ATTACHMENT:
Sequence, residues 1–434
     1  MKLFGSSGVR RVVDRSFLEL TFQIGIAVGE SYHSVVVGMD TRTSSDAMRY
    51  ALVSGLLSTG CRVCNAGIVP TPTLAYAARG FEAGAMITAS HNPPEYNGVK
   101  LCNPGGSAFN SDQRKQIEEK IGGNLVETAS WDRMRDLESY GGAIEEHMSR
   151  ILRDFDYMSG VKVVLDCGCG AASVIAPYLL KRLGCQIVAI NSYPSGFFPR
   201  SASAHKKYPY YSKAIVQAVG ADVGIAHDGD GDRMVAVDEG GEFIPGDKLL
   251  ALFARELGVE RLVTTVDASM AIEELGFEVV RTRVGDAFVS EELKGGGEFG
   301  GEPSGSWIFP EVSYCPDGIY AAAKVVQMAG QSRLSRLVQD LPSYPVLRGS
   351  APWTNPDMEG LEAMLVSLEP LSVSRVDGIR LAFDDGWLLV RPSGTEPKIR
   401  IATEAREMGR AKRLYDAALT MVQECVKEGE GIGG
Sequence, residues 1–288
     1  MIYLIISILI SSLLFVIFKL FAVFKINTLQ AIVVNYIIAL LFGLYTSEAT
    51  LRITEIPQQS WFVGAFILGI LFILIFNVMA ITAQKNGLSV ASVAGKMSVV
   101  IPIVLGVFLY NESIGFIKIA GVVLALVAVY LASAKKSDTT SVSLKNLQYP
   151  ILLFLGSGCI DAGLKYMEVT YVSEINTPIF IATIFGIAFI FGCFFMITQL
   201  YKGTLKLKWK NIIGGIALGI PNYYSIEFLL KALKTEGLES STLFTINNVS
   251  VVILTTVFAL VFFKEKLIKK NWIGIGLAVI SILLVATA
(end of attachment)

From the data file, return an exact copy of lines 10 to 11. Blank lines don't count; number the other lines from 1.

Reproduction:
   401  IATEAREMGR AKRLYDAALT MVQECVKEGE GIGG
Sequence, residues 1–288